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Managing Workflow

Capturing actual vs. quoted time/material on a work order allows a shop to maintain or increase profitability and identify production bottlenecks.

It really doesn’t matter what you do in life. A commonality, from kid to cook, screen printer to scientist, is the necessity to organize and accomplish the tasks that you face each day, week, month, and year. Some do it better than others. Some get obsessive to the point of letting their system of management overcome their production process. Some have no system at all.

Most of us in the print world, from a one-person shop to a large operation with hundreds of employees, manage their workflow with at least one clear objective in mind: Get the job out the door. The smart ones run a system with three other important aspects: maintaining high quality at each step, eliminating mistakes and interruptions from the process, and—above all—staying profitable. When all four of these goals are met by the system in place, only then can a shop claim to have effective workflow management.

I worked in a few different screen shops when I was a young guy just starting out. It didn’t take me long to realize there were problems. Knowing what I know now, I can easily identify them. Their workflow system lacked the four pillars outlined above. Like a chair with a short or missing leg or two, they were wobbly businesses because of this. I was pretty stupid back then—not that I’m much smarter now, but I have picked up a few tricks along the way that allow me to at least keep up with the conversation.

Back then, I was just happy to have a job and an opportunity to gain skills in screen printing and graphics. I didn’t realize it at the time, but the most important parts of the game were the business side and the organization of the work going though the shop. While I was busy learning about the technical part of screen making and printing, my bosses were demonstrating the consequences of running their operations without respecting and implementing those four pillars in work management.

The chair didn’t just wobble at my first job in a screen and sign shop, it fell over and broke. About the only thing we had going for us there was the ability to produce good work. That’s no secret. Just maintain high standards and aesthetic values, and instill this in all your workers. Don’t let a job progress through a production step unless it is done correctly.

Unfortunately, eliminating production delays, maintaining profitability, and getting the job out the door on time were either secondary values or non-existent ones. We seemed to have lots of work—it’s what happened to the job after it entered the shop where the problems started. We had no written work orders. Everything was done verbally. My boss might have had a job board or some other system of keeping track of progress in his office, but we workers were in the dark, except for carrying out the tasks assigned to us.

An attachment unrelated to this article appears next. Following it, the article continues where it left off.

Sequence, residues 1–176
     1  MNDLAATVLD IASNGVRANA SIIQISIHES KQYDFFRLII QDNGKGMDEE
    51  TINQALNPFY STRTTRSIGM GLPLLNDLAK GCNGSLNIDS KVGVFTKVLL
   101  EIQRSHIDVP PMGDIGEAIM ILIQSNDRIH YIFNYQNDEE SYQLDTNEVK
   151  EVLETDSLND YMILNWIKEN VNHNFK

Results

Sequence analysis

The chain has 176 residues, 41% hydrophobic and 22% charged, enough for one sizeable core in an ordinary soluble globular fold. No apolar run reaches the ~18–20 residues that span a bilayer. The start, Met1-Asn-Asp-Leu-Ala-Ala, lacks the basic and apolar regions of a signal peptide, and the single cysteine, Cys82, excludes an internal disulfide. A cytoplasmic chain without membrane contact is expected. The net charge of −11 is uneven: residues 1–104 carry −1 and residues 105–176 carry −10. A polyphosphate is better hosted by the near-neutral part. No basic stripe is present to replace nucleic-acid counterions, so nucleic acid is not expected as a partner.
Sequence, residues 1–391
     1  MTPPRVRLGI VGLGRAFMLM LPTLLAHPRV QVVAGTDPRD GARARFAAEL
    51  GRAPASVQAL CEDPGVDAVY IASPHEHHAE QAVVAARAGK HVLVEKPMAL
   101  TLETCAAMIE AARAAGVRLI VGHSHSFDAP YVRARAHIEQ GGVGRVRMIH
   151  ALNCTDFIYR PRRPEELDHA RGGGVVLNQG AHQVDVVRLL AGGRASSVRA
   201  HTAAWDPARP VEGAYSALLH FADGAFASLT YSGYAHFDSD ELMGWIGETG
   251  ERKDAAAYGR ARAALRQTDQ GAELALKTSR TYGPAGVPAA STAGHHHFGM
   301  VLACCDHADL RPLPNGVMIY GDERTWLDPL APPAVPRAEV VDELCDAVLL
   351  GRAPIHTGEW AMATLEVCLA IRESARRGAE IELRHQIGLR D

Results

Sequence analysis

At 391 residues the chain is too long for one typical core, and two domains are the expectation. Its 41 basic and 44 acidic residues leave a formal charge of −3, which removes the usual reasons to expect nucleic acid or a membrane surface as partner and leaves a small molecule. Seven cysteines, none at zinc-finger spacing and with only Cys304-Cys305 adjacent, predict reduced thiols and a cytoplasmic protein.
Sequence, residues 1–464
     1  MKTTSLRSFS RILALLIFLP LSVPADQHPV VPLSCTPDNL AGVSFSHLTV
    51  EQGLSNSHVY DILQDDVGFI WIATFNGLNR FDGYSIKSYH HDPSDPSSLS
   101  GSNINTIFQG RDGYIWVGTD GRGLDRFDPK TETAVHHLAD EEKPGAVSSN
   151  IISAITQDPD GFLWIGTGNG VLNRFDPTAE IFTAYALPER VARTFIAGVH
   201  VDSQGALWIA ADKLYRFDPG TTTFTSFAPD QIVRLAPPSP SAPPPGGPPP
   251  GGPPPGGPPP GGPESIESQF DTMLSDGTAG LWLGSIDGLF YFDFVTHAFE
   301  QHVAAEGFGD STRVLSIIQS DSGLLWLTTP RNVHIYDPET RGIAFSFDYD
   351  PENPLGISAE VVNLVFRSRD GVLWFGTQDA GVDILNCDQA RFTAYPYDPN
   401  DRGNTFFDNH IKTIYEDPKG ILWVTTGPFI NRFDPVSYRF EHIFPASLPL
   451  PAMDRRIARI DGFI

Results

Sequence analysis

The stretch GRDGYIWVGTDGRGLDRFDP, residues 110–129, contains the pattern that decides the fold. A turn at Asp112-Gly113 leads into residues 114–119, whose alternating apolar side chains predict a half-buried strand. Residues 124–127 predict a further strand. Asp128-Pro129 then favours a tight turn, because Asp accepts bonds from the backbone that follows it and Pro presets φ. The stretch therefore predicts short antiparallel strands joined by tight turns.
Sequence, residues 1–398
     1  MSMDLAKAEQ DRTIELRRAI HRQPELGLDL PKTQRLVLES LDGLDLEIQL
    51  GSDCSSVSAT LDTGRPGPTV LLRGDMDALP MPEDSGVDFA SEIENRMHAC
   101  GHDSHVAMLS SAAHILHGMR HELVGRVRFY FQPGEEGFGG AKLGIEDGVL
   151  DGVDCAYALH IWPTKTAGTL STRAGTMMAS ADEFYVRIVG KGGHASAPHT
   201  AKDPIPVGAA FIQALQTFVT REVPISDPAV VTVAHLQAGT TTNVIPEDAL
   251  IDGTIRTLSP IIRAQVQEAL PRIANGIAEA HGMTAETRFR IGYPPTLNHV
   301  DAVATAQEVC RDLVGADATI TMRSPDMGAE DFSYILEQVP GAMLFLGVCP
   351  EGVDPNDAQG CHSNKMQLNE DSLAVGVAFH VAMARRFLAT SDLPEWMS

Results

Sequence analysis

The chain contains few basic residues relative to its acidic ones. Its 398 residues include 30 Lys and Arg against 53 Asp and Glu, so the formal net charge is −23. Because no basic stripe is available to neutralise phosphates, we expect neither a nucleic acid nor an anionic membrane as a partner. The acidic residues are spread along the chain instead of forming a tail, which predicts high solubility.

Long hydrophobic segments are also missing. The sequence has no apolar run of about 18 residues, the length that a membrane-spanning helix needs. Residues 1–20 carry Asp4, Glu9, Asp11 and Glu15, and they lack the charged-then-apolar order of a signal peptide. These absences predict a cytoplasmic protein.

I was an apprentice, so it didn’t affect me too much. Unfortunately for the business, it was fatal. At least once a week an irate customer would show up looking for their job, which was invariably half done, the deadline blown, with the boss out of the shop running around picking up supplies or chasing work. Meanwhile, the workers would complete their assigned tasks, and then have to wait until El Jefe returned. Too often, if we tried to start something new, without proper instructions, we would end up having to do it over.

The lesson from that place was simple, and the basis of any proper system: Write it down. The benefits from a proper work order and a visual job board available to the entire workforce cannot be overstated. After the company went broke, they sold the equipment, and I went with it to my next employer, an ad agency. They were big on writing things down—not only the facts regarding the customer’s job for the benefit of we schmoes dragging squeegees in the back, but also recording the actual print times and quantities of materials used in completing the job.

Capturing actual vs. quoted time/material on a work order allows a shop to maintain or increase profitability and identify production bottlenecks. This gives the shop two more solid legs to stand on.

The shop that doesn’t analyze its real production values and compare them to its quotes—and make the necessary changes to align one with the other—will not last long. Too many shops base their costing on a competitor’s price list. This might work to get jobs, but it will not guarantee a profit. And let’s be honest. A quote is just a bet with your customer that you can do the job, pay the costs, and still end up with some money in your pocket. A proper system that allows you to capture production data and compare it to quoted prices and estimated times on a constantly updated basis is the only way to hedge that bet and make sure you always win.

Things have changed and continue to change in this crazy industry, but a few things stay constant. A solid workflow-management system, regardless of whether it is analog (paper and job board) or computerized, will always give a business a better chance of survival.

Accurate and complete information going out onto the production floor allows the workforce to do their jobs properly and efficiently, with minimal time wasted on unproductive activities or searching for missing info. Harvesting the real data from the job by the workers performing the tasks allows management to identify bottlenecks and correct production times used in quoting jobs. This cycle of information going out and coming in from the shop floor is the lifeblood of any successful graphics shop and the basis of successful workflow management.
 

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